Here at Invictus Consulting we have a great deal of experience with the first professionals to arrive at the scene of a crisis – first responders and SWAT teams. A behind-the-scenes look at how first responders and SWAT teams operate may help you as you think about planning and preparing for a crisis.
- 911 reaction time – The average response time for an emergency call is 10 minutes. This means that for the first few minutes after a crisis begins, the people onsite (e.g., employees, students, customers) are the first line of defense and response; in other words, people onsite may need to help severely injured individuals or help neutralize the threat. Counting on first responders and SWAT teams to arrive may mean that more casualties occur than necessary. In your emergency action plan, plan for this reality and make sure to train your employees and students on how to respond. Also, look here for a national review of 911 data collection.
- Local trauma beds – Do you know how may trauma beds there are at your closest hospital? What if the nearest hospital only has 10 trauma beds and your facility has 30 people that need trauma care? Do you know where the wounded will be sent and how to alert their families as to which hospital they’ve been taken? The ugly truth is that a crisis at your location may yield many more trauma needs than can be handled nearby. When we perform a risk assessment for our clients, we include a list of all hospitals within a 25-30 mile radius so that administrators and executives are aware of where the possible locations their people may be taken.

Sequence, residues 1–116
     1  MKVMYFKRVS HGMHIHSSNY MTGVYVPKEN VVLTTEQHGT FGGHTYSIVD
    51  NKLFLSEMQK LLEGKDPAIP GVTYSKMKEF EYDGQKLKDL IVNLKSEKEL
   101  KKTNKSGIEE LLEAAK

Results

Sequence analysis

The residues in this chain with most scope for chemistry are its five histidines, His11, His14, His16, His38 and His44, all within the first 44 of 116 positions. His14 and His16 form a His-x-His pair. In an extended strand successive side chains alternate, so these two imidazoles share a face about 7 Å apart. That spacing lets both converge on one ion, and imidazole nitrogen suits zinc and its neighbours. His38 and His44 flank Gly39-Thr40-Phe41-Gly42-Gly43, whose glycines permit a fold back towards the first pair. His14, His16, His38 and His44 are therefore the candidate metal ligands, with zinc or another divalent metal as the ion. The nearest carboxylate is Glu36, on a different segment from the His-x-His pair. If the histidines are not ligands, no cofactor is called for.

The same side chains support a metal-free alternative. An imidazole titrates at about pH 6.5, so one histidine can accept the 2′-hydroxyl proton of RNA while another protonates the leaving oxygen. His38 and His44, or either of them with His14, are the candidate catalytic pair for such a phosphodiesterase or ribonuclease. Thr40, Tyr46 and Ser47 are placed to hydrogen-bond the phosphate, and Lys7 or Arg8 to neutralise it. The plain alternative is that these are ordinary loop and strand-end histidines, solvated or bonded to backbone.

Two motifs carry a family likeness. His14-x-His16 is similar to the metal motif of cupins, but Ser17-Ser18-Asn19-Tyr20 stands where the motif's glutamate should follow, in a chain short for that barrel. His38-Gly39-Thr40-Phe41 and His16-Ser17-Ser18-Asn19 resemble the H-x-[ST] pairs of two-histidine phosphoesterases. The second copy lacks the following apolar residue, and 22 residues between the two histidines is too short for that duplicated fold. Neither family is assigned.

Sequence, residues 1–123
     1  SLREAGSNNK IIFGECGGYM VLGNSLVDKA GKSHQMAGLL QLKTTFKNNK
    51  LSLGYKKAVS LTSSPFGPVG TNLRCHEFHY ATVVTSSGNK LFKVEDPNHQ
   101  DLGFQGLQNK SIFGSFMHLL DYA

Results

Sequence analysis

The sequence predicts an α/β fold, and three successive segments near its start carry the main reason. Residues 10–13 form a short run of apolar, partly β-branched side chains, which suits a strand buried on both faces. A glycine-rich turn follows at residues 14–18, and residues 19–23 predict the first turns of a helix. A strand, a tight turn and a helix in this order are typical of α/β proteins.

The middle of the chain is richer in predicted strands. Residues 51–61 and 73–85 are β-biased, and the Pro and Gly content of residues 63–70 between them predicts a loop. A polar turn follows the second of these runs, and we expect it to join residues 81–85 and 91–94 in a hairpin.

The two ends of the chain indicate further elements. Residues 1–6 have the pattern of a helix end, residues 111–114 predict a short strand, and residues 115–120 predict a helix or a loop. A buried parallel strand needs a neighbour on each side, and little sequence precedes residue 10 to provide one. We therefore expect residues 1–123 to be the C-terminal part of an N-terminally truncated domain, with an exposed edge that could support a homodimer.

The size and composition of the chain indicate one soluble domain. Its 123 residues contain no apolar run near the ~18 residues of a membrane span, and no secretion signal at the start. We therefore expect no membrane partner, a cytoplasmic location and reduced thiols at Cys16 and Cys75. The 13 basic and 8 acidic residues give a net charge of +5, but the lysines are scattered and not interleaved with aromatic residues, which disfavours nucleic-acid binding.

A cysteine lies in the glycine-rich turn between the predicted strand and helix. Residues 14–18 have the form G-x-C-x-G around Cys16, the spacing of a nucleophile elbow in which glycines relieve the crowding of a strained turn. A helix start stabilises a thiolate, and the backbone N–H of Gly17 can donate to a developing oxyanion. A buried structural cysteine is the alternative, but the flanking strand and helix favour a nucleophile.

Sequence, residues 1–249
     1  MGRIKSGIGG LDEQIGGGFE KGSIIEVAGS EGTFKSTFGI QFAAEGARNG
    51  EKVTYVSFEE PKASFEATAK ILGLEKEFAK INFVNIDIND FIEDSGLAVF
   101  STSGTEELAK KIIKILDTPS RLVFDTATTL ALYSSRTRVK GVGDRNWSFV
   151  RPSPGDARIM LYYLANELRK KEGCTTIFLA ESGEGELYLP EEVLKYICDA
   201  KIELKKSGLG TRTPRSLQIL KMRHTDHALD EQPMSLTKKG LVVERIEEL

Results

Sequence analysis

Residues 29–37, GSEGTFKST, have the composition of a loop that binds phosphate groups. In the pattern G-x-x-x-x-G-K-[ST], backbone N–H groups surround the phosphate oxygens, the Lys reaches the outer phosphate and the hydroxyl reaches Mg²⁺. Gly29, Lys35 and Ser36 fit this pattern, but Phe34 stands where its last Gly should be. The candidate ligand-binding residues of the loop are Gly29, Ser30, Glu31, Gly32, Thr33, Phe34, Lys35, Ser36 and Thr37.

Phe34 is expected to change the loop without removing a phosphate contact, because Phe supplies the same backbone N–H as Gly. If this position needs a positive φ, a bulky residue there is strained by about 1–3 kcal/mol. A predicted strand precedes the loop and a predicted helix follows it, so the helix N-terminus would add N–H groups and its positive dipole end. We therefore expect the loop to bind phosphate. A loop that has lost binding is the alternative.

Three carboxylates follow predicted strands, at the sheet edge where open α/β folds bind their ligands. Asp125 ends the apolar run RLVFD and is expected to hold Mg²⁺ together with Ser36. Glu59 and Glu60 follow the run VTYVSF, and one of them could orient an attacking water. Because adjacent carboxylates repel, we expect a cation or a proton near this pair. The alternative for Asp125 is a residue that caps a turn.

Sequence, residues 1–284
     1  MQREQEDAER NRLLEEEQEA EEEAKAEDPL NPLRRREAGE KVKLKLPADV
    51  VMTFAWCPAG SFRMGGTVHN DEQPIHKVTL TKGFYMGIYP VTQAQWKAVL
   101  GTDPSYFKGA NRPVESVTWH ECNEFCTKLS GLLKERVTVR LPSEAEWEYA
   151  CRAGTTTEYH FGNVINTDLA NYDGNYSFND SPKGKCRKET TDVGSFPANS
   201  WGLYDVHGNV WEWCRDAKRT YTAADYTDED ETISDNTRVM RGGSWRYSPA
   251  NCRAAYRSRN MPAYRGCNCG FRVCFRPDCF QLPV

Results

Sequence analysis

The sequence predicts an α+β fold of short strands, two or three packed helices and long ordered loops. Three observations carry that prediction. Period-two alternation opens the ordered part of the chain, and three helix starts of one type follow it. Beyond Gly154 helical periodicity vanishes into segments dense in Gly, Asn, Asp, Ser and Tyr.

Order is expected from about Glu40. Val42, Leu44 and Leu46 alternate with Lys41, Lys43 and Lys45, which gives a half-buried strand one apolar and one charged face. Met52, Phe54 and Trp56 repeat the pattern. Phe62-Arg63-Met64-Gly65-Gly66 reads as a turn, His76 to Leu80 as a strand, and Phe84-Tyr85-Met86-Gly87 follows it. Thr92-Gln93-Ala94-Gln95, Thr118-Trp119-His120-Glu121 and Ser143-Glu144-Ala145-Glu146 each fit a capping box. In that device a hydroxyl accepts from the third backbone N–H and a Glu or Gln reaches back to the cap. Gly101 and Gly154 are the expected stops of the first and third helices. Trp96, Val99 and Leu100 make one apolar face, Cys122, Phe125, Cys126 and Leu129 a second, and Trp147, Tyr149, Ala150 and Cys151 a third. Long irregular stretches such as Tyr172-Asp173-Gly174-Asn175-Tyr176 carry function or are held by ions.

- First responders may step over you – It may surprise you to know that first responders may step over injured people; depending on the type of first responder, some are trained to proceed to the perpetrator and neutralize the threat before attending to the wounded, some are trained to seek out the most wounded first and may step over less wounded to find more wounded individuals, and some are trained to sweep the entire facility before attending to the wounded. So if you are one of the wounded and are lying near an entrance, you may actually be initially bypassed by first responders as they move towards their target. What this means in terms of emergency planning is similar to the first point above (911 response times), namely that the people onsite should be trained to provide basic first aid to other people while waiting for first responders to get to each of the wounded. Stop the Bleed is a DHS campaign to empower individuals to act quickly and save lives by teaching bystanders how to keep injured persons alive until appropriate medical care is available.
Some of the above information may scare you; take that fear and use it to update, improve, or create an emergency action playbook at your place of work, your school, your place of worship, or even your own home.